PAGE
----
Fertilizer facts to chew on while deciding how much of it to use

By A Contributor

Contrast the photos of the U.S. Navy Seals killed in that helicopter they were riding in when it was shot down with the scenes of the rioting mobs in England…

Some of the older Brits are saying that those young people had no understanding or knowledge of their country’s history or its present; they lacked consciences; they lacked upbringing; they thought and think they are entitled to material goods upon demand, or worse, obviously, upon the taking of them.

The American fertilizer industry has finally capitulated to demands from the Scared Stiff Squad of safety police. The latter is the crowd that pats down grandma at the airport and forbids shampoo in bottles that can hold more than three ounces, yet the forward cabin contains quarts of flammable alcohol the airlines sell in flight to nervous passengers.

Everyone involved in regulating further ammonium nitrate agrees that the proposal now under the comment period will pass as it is.

It is touted as an effective compromise.

Users of ammonium nitrate will have to register with the federal government and pass a criminal record screening if they want to buy more than 25 pounds. Ammonium nitrate is used a great deal in numerous places where food and fiber are grown.

Often it is premixed with other fertilizers and then sold and applied by fertilizer companies. Sometimes, though, lone wolf specialty crops growers will use it to great advantage.

Vegetable growers like it, especially, because it won’t volatilize as easily as urea, and it makes itself readily available to hungry plants needing a quick boost in growth and leafing.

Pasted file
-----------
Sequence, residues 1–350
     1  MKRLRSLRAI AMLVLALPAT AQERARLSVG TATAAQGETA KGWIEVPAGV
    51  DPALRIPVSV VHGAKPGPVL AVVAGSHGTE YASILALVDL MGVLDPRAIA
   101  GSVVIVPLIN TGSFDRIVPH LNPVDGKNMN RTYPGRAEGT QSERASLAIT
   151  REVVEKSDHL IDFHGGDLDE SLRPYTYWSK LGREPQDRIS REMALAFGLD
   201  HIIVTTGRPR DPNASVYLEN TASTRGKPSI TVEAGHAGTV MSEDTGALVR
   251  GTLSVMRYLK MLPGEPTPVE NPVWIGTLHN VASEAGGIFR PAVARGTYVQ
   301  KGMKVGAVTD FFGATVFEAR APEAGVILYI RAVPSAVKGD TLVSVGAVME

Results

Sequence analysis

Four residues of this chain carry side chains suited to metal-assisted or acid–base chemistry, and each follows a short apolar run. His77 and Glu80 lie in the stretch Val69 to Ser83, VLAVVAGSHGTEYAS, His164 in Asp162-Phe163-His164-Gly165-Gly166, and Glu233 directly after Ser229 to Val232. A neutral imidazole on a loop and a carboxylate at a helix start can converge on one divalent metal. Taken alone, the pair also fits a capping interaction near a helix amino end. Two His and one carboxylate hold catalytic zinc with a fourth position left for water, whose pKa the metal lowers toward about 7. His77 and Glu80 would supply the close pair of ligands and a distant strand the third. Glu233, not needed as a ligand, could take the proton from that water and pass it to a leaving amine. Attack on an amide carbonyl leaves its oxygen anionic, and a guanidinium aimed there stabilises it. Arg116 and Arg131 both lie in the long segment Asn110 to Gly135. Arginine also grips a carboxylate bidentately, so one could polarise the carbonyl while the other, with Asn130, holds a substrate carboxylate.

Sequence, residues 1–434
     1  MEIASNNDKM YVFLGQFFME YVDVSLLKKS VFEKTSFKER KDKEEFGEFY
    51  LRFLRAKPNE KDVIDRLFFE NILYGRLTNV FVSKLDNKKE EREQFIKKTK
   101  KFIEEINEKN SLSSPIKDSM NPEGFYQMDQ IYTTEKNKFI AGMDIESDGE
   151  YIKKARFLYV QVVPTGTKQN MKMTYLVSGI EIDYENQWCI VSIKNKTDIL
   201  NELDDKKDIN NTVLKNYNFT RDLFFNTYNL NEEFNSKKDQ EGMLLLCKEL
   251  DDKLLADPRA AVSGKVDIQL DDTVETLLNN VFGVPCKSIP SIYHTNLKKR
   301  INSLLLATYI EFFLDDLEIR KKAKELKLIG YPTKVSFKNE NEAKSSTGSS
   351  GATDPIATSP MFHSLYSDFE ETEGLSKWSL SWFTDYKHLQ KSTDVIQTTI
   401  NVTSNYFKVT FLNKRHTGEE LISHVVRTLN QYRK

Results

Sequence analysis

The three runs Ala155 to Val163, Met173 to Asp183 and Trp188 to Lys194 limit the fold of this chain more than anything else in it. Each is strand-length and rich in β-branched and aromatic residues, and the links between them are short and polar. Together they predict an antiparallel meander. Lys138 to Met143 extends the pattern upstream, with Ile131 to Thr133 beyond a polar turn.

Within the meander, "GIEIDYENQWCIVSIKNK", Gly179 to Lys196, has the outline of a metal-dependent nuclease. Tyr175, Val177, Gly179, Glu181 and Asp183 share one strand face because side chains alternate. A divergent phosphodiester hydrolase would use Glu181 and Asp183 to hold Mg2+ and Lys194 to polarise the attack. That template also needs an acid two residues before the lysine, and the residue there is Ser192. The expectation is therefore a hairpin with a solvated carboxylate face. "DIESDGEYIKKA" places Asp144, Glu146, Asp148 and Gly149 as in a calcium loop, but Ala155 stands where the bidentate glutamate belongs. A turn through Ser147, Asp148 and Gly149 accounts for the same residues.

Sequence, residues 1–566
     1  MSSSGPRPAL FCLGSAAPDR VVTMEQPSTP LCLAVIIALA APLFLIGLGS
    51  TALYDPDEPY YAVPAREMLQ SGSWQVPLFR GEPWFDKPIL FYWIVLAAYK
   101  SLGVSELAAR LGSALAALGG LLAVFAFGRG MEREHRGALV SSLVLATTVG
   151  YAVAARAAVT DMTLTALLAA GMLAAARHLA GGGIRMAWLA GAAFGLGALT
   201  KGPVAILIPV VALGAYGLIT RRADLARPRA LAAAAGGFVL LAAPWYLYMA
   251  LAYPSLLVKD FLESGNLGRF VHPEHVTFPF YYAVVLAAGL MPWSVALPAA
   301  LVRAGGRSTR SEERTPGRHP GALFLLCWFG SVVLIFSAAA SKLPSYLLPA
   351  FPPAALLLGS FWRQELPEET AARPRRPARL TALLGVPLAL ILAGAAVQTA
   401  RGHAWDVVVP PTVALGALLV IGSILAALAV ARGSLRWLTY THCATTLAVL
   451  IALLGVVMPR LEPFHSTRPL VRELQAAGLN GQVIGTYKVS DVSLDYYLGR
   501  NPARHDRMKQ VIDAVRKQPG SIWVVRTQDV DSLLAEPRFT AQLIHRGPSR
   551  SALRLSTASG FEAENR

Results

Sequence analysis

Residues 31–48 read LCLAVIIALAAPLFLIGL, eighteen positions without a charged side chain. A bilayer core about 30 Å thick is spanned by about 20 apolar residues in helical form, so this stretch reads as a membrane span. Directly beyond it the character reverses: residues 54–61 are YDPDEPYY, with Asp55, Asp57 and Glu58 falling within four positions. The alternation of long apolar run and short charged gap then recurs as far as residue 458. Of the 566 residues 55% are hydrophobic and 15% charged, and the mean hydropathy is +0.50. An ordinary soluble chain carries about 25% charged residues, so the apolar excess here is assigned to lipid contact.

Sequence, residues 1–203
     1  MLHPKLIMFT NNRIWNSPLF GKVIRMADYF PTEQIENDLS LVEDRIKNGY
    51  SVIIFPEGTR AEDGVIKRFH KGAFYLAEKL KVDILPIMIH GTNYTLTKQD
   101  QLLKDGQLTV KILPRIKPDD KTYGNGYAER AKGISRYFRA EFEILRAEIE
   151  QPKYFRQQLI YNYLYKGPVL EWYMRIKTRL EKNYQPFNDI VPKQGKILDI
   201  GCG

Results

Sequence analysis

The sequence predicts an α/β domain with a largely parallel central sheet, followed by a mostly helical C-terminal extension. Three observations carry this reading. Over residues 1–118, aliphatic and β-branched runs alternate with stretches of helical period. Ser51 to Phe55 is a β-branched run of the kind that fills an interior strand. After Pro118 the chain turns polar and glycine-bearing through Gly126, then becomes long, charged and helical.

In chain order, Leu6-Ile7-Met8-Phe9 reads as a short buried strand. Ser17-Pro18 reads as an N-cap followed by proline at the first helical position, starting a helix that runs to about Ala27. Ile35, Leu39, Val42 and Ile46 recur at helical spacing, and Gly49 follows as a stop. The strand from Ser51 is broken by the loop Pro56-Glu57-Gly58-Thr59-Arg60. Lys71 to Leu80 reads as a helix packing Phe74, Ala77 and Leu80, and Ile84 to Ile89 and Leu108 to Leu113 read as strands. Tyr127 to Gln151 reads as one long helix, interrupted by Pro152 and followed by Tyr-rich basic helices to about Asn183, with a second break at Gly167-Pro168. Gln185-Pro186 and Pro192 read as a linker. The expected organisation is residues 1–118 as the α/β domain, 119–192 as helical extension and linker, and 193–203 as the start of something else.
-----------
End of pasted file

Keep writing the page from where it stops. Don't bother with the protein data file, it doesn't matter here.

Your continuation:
It can save crops riddled by hail. It can mean the difference between defeat and victory in having produce.

It also is routinely applied to wheat stands. It has a big 33 percent by weight content of nitrogen (NH-4N03), a most vital plant food.

Plants need the correct amounts of good food just like pet cats and dogs need food to thrive.

Most home gardeners today don’t feed their plants enough food. This is because in my opinion, it is politically incorrect to instruct the public about fertilizer use. Mainly it is depicted as bad - as in ammonium nitrate - unless it is weak manure or seaweed.

A form of ammonium nitrate is used, or was, in demolition work by highway and building construction forces. Therein is the rub.

Too many times various nitrogen compounds - example, dynamite - have been used to kill people, but nitrogen has saved more lives, exponentially, through its marvelous food-making abilities, than it ever took.

Today the high-ups from the U.S. Department of Agriculture like to talk about science-based decisions in food policy.

I’d like to hear one of them say: without good fertilization, crop space goes to waste because optimum production will not nearly be reached in such settings.

Limiting too strictly the use of the three major plant foods - nitrogen, phosphorus and potassium, along with other, less vital elements - will result in mass starvation across the globe.

Also, without adequate bridges, crossings and available and legal trucking, the food will (a) be grown, or (b) not make it to market and the stomachs

There are two or three scientific facts to chew on.









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